A small bird with a bright yellow breast and face, black throat and cap and greenish brown wings.
Hooded Warbler (Setophaga cintrina) caught for banding during the Spring 2021 migration. © Aya Pickett

Some of these species, like the Wilson’s warbler whose population is in steep decline, stop in Delaware to refuel on their way to or from breeding grounds in Canada. Other birds like the American redstart and the Hooded warbler may spend the summer here along the Delaware Bayshore, laying eggs and raising their young before heading south in the fall.

In one seven-year study in Pennsylvania, approximately 50% of banded male Hooded warblers returned to the same area to breed again. Is the same true for similar neotropical migratory songbirds that breed in Delaware? This research project will help get us one step closer to finding out. 

Coastal communities will benefit from this research as well—and not just the birders. After completion of the studies, a workshop with stakeholders will take place to present findings and discuss protection and restoration needs. The information will be available for use by academics, nonprofits and government agencies to help plan future land protection efforts and make the best use of places that have already been protected.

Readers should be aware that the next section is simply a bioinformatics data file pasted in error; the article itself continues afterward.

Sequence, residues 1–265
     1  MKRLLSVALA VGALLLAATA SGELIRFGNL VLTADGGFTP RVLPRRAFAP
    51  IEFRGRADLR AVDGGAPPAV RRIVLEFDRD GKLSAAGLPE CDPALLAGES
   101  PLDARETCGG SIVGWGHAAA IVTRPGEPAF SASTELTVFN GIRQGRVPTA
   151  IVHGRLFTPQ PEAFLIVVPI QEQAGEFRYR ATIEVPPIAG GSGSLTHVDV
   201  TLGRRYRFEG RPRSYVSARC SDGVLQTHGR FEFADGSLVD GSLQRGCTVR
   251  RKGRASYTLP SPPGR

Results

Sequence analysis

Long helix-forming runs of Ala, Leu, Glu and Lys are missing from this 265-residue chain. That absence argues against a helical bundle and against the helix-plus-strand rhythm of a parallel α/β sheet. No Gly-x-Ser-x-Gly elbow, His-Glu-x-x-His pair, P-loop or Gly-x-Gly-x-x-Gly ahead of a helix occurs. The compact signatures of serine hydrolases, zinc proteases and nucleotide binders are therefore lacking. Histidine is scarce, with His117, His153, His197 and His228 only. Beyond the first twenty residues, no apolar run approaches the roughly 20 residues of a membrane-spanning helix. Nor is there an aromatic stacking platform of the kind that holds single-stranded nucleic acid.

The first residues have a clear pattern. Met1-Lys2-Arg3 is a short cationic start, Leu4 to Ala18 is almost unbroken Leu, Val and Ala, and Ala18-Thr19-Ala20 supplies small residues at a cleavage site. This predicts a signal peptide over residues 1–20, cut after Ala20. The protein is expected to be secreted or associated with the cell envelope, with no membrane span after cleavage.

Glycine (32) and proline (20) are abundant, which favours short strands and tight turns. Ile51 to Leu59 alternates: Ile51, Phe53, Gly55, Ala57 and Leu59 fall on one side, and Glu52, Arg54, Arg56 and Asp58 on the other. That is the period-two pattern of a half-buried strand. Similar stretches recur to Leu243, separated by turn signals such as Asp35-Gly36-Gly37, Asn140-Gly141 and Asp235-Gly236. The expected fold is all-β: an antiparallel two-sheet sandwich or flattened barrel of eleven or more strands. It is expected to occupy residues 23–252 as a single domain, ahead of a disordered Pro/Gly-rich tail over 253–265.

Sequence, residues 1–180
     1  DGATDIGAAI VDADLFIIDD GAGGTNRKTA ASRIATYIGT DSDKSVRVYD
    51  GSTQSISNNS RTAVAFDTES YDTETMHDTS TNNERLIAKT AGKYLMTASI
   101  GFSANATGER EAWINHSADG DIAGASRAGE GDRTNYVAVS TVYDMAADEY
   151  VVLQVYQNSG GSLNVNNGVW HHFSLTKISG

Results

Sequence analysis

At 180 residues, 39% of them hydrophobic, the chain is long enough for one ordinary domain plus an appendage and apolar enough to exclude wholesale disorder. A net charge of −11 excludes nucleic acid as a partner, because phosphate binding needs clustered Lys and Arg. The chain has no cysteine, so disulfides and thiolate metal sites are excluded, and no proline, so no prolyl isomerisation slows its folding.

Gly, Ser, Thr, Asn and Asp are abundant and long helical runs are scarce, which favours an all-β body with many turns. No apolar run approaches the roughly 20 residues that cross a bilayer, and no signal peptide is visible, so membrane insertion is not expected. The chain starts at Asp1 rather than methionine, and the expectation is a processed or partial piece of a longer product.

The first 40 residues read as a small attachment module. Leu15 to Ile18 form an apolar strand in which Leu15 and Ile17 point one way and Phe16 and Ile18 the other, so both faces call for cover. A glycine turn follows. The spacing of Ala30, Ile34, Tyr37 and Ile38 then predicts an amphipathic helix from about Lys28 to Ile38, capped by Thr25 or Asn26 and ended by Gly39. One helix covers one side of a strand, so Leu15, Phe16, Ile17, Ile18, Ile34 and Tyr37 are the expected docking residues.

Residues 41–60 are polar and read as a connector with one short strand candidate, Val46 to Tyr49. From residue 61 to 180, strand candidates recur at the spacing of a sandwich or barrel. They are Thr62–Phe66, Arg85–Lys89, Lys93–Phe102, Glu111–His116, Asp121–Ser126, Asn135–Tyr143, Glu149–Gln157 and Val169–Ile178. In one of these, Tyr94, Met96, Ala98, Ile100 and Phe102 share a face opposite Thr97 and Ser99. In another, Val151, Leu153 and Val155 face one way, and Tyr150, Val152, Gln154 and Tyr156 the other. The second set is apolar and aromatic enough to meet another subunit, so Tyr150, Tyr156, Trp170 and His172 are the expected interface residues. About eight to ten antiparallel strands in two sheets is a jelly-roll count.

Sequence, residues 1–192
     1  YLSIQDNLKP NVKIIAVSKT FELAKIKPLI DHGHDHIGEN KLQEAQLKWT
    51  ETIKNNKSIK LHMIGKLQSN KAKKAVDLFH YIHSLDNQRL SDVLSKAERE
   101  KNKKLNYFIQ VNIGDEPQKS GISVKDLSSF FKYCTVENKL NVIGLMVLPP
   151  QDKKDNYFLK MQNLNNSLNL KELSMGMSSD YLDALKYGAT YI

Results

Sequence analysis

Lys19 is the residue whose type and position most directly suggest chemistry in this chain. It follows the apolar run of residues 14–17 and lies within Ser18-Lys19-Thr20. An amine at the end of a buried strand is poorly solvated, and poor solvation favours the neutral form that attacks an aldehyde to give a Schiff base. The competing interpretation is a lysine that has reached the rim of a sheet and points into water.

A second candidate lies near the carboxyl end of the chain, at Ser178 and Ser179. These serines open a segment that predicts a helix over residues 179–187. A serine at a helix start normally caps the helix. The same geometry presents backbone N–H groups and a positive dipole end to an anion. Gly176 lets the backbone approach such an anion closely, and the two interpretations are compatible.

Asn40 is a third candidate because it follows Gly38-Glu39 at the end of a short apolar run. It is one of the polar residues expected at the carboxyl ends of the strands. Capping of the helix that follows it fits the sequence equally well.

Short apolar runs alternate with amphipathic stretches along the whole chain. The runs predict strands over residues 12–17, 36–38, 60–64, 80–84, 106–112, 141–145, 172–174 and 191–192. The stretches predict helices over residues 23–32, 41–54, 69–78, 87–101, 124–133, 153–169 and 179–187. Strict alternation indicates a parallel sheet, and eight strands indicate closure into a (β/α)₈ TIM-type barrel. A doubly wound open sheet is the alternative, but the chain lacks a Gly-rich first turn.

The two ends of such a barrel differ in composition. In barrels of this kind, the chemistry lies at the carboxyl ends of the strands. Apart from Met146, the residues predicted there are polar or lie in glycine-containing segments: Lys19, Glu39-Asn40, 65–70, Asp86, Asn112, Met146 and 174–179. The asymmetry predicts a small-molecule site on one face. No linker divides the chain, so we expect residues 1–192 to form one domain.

“This study is providing the ornithological world with important data collected for the first time,” says Dr. Heckscher. “Soon we will have a clear picture of the Bayshore’s place in the global migrations of millions of songbirds. We’re eager to see what we learn in 2021—it’s exciting to be part of a multi-faceted study. This partnership with Delaware State University, Salisbury University, the USDA Forest Service, Delaware Sea Grant and The Nature Conservancy is a great example of people from different sectors working together for the benefit of people and wildlife. And there’s no better subject to bring people together than birds."

A wide flat channel of water curves through low green wetlands. A tall clump of trees stands out against the horizon in the background.